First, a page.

The Moon

Understanding the lunar cycle is an entertaining pursuit if you walk your dog in the evening—or can just spare a contemplative moment in the backyard. Either way, you’ll need to check where the moon is over the course of a few evenings to see what’s going on. Just after sunset is the best time since that will be the time when the full moon rises in the east—always a inspiring sight.

Every night after sunset, for the two weeks prior to the full moon you will see the moon at one of the phases above. A new moon will be right over at the west at sunset and then it will quickly set right behind the sun. A first quarter moon (about a week later) will have half the face lit up and be about midway high in the sky  and then proceed towards the west over the next six hours or so before it sets. The full moon (another week later) rises in the east and spends all night crossing the sky to the west. It will set in the west about the same time the sun rises in the east when the sun rises.


The apparent motion of the moon from east to west each night is, like everything else in the sky, a result of the Earth’s rotation. It’s only by taking a quick peep every evening for the two weeks prior to the full moon is where you learn what is really going on. The moons 28 day orbit around the Earth causes a slow and steady progression of the moon from the western horizon to the eastern horizon over that two weeks (14 days) prior to the full moon.

If you took off in a space craft and hovered over the south pole you would see the moon orbiting the Earth in a clockwise direction. You would also see the Earth rotating in that same clockwise direction, but about 28 times more quickly. That clockwise movement (when viewed from the south), is the same direction that most objects in the solar system rotate or orbit—presumably an inheritance of the original direction of spin of the dust cloud that that collapsed down to form the solar system about 5 billion years ago.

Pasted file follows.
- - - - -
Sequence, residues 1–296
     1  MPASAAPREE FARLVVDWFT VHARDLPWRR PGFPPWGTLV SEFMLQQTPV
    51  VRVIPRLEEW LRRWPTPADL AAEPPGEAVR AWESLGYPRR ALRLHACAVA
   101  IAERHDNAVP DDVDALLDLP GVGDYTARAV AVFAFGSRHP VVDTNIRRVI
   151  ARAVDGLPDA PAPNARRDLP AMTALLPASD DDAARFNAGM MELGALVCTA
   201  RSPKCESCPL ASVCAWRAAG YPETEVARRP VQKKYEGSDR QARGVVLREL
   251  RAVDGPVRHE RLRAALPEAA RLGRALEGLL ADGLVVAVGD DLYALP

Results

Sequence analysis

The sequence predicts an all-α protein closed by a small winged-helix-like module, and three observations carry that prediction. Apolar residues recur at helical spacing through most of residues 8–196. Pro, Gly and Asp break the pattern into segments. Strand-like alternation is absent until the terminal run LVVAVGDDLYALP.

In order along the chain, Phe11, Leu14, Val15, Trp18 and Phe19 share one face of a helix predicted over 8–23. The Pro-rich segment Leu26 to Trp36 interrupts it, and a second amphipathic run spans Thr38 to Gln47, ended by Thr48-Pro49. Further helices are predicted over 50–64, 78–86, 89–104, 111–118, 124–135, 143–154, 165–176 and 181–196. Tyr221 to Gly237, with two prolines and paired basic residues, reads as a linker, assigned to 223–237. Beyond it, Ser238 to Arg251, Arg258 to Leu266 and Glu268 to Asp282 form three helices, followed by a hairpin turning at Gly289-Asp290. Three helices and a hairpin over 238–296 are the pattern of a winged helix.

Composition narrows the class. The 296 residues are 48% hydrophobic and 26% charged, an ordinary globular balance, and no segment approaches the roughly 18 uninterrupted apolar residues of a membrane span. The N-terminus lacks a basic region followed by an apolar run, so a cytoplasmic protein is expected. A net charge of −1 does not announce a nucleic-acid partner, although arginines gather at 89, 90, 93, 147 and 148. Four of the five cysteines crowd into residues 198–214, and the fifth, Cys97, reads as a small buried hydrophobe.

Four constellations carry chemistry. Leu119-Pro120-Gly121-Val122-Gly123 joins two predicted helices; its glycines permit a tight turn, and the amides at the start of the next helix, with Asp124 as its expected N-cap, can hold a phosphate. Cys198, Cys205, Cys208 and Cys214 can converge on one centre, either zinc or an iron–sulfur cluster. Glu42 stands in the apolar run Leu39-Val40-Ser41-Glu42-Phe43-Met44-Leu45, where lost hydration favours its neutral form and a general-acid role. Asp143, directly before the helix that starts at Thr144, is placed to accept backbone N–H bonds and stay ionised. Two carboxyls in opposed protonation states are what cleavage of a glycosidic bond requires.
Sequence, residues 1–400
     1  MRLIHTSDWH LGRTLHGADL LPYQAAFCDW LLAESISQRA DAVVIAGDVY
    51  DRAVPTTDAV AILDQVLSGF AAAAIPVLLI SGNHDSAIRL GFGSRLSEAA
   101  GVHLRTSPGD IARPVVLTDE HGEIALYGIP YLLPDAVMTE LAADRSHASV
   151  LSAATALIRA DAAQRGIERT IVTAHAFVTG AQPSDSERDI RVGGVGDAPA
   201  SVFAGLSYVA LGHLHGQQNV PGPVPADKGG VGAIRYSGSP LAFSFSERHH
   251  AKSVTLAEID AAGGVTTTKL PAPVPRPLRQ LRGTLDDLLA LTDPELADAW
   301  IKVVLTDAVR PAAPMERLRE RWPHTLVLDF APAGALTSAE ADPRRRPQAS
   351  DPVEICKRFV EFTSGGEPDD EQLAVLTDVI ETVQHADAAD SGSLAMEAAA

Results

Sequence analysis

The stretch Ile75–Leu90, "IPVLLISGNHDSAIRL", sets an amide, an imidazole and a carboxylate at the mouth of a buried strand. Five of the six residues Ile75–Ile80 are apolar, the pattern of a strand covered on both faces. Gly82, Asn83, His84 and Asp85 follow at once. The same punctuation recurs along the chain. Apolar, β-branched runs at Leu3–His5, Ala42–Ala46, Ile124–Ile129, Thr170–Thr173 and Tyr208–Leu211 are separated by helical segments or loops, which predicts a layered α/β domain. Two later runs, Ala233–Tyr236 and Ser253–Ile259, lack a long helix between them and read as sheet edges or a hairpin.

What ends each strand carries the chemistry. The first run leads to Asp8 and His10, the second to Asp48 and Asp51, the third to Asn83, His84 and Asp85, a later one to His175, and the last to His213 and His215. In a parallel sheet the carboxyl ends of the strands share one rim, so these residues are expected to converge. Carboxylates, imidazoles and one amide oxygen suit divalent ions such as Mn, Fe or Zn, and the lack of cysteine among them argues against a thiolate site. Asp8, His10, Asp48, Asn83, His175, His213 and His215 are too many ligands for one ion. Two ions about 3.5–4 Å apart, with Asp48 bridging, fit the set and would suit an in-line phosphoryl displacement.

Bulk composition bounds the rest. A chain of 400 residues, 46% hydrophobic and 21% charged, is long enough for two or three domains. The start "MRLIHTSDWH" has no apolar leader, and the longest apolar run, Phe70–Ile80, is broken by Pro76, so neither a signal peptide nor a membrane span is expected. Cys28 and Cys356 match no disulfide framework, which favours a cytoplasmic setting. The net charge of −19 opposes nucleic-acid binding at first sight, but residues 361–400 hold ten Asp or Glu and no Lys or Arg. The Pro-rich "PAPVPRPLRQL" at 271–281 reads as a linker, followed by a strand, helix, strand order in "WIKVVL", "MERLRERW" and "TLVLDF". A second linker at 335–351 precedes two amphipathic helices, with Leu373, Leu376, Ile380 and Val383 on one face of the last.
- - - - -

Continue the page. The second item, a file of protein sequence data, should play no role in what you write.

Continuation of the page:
Although it orbits, the moon doesn’t rotate—or at least it only rotates once per orbit so that it keeps the same face orientated to he surface of the Earth all the time (which you can see in the picture above).  The progressive lighting of this face happens as it moves from a position on the sun side of the Earth (new moon) when its other side from us is lit to a position directly opposite from the sun when the face we can see is fully lit.


Some lunar facts and figures:

  • As it doesn’t rotate, a solar day on the Moon (time from one sunrise to the next) is the time it takes to do one full orbit around Earth (27.3 days).
  • The ‘dark side’ of the Moon gets just as much sunlight as the face we can see from Earth. However it is, at least, all dark when you see a full moon from Earth.
  • Although tidally locked, there is some ‘sway’, called libration, of the moon through its orbit of Earth, meaning we do get to see a bit more than 50% of its surface. There is a good animation here.
  • The widely accepted ‘big whack hypothesis’ proposes that the moon formed from the debris of a collision between the early earth and a large object  (given the name Theia) about 4.5 billion years ago. This debris was mostly surface crust from each planet with the denser cores of each coalescing  within a reformed Earth. This is suggested to explain the relatively low density of the Moon (mainly silicons) and the higher relative density of Earth (with a big iron-nickel core)—in comparison with the other inner (rocky) planets.
  • The Moon’s history was confirmed by lunar samples returned by Apollo—see here for more information, including how to spot the Apollo landing sites.
  • Due  difficulty securing graphics the above pictures are how the Moon looks from the Northern Hemisphere—from the Southern hemisphere we see the same face, but upside down.
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